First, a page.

David Chang's Chinese Chicken Noodle Soup
I have this new love affair with chicken noodle soup. But likely not the kind of soup you grew up having as a kid.
This is a full on chicken soup for the soul kind of a situation.
In addition, I also have a new love affair (ok, more like an obsession) with food shows and documentaries. Had it not been for Netflix, I probably would still be watching the Food Network on cable TV. Watching these has elevated my obsession with food, cooking and travel to a Whole. New. Level.
I stumbled upon David Chang a while ago, when he opened his first (of now many) Momofuku restaurants. His notoriety and fame grew big time over the past several years and his presence is everywhere as he continues to push the boundaries in the culinary world (he created and hosted PBS's The Mind of a Chef (along with narrator Anthony Bourdain).
It was in an episode of Mind of a Chef where David made his homemade Chinese chicken noodle soup. I have NEVER made this soup from scratch before seeing this, but I always wanted to and thought it was far too labour intense. What I was surprised by was how EASY it is to make, but I loved his spin on the Chinese version. Chang is an American-born Korean, and he has an obsession for ramen and having mastered how to make this popular Japanese dish. I already love cooking a roasted chicken either in the oven loaded with herbs and citrus or on the BBQ using a rotisserie and seasoning because I think its one of the most versatile foods you can make. The options for leftovers are endless!
So, once I saw David make the soup, I had to take a stab at it. I've made this twice now and each time it gets better and better, so naturally I wanted to share it. I rarely get to enjoy two bowls of this when I do make it because Nathan seems to make it disappear before I can get my hands on it!
Of course, this isn't a traditional recipe below because I really do add the ingredients ad hoc, tasting for flavour along the way and adjusting as need be. In my mind, the secret to making this soup amazing is that you boil the chicken and the veggies separately. This and you need to use fresh linguini noodles. Trust me, this is the bomb.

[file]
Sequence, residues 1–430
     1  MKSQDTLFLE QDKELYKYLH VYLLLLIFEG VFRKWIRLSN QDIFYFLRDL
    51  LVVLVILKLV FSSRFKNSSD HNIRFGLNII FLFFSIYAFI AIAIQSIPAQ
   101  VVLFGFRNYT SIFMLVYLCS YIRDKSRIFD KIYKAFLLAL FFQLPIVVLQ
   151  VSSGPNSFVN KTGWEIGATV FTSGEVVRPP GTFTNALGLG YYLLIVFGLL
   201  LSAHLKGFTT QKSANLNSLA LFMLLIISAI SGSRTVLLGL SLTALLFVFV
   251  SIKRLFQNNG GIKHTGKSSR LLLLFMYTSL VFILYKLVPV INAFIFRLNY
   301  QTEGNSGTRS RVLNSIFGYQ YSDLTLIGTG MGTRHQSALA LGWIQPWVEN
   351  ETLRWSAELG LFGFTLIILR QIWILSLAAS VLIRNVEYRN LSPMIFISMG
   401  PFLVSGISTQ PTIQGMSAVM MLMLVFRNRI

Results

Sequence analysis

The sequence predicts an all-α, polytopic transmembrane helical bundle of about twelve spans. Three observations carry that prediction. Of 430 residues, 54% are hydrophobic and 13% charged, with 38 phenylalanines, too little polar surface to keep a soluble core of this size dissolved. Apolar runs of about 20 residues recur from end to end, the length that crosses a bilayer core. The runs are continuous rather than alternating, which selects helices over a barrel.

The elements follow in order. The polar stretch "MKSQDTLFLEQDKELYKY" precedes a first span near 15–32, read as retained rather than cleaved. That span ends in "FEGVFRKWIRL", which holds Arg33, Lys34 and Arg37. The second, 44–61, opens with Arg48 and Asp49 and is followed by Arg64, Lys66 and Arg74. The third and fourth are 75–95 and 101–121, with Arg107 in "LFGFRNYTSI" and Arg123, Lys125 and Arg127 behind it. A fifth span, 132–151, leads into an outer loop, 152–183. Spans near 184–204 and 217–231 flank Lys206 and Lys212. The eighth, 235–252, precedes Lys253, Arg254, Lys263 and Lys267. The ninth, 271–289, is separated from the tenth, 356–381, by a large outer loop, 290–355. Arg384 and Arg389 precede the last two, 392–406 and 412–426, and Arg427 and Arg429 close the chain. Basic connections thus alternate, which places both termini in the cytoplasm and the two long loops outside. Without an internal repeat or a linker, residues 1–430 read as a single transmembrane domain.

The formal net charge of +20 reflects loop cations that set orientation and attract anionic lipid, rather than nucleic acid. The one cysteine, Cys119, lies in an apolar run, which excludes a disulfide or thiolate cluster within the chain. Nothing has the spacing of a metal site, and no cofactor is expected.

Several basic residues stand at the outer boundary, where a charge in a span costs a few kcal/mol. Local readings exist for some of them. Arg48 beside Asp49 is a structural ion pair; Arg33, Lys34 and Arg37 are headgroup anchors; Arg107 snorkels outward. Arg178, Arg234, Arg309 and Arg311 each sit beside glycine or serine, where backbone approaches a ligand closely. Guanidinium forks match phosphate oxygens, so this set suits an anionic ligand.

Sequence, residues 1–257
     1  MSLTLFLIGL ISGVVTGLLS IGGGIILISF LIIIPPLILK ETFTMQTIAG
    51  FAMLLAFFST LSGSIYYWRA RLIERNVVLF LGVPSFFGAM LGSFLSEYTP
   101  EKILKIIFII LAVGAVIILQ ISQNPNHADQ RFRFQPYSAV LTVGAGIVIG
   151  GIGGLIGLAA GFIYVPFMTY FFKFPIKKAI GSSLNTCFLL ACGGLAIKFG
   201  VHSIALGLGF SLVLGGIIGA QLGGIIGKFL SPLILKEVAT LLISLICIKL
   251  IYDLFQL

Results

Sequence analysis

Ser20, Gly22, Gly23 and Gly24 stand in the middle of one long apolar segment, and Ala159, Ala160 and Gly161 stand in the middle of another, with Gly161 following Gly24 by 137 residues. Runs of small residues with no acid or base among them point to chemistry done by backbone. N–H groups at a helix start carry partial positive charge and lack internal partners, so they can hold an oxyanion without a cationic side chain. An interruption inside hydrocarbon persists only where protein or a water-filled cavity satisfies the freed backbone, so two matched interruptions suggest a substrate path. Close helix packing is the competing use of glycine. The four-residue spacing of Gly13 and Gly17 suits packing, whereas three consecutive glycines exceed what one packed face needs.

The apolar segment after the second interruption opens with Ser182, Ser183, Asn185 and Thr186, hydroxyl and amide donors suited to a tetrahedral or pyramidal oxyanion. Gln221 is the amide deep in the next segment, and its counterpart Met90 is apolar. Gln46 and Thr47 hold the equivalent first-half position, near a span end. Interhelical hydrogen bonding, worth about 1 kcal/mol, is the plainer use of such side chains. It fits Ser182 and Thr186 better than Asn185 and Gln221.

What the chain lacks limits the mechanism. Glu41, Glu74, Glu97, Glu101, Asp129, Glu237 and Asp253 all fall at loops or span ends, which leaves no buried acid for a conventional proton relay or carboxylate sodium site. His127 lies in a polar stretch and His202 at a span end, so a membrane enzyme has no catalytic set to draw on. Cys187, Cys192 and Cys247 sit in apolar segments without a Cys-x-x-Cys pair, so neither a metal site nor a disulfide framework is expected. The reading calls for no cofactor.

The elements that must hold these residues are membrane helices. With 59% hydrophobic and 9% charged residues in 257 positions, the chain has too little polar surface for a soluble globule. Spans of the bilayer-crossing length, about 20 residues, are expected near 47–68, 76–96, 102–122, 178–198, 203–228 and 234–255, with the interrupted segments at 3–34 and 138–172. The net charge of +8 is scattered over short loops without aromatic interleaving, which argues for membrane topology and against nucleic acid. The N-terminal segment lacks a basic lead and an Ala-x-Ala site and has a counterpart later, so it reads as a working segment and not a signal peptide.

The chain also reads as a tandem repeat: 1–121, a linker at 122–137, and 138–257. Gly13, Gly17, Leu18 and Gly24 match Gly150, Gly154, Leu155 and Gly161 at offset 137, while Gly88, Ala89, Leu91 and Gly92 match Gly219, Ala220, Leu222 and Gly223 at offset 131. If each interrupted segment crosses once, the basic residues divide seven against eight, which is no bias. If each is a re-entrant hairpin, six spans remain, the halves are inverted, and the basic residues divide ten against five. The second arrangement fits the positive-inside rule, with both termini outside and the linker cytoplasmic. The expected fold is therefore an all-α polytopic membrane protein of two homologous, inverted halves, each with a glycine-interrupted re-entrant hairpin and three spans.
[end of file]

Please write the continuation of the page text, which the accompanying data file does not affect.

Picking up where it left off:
David Chang's Chinese Chicken Noodle Soup
- 1 whole roaster chicken, cut up by part (yes, you can be sloppy here) and use The. Whole. Thing. Bones & everything.
- Enough water to cover the bird parts (approx 8-10 cups)
- 1 - 2 onions
- 1 - 2 green onion (scallion)
- 1 - 2 shallots
- 4 - 5 cloves garlic
- 1 - 2 carrots
- 1 pc star anise
- Coriander seeds
- Black peppercorns
- 1 - 3 bay leaves
- Soy sauce
- Sesame sauce
Combine the chicken parts, lots of water and salt in a large pot and boil. Boil until the chicken is cooked through but not falling off the bone. Remove the chicken, set aside and THEN you can boil the s**t out of the broth (David's words, not mine), approx. 1-2 hours. Longer if you want, which means more flavour.
In a separate pot, do the same with all the veggies, pepper, salt, star anise, coriander, bay leaves and boil.
Once they are both done, strain the veggie pot and keep the liquid only - dispose of the veggies. Tear the chicken off the bone once cooled (keeping only the dark and white meat as desired...no skin or bone). Take all the chicken you're keeping for the soup and toss in a bowl with sesame oil, soy sauce, salt and pepper. Use as much or as little as you need, depending on the flavour you want, but I am fairly liberal because it tastes so yummy.
Combine both broths into a big pot, dump the chicken in and cook on medium heat for about 10 min. Add the noodles close to when you are ready to serve the soup. Cook until noodles are al dente. You're done!
Now that I've shown you how to make some kick ass chicken noodle soup, here is a list of (some) of my fave culinary movies & TV shows I wanted to share with you. You DON'T have to be a foodie or cook to enjoy them. I personally find it more educational and mesmerizing how chefs cook, create, research, travel, indulge, socialize with food all for the love of food.
Mind of a Chef
Jiro Dreams of Sushi
Somm (this isn't a food movie per se, but I associate wine with food and this is an intense one!)
El Bulli: Cooking in Progress
Sushi: The Global Catch
Noma: My Perfect Storm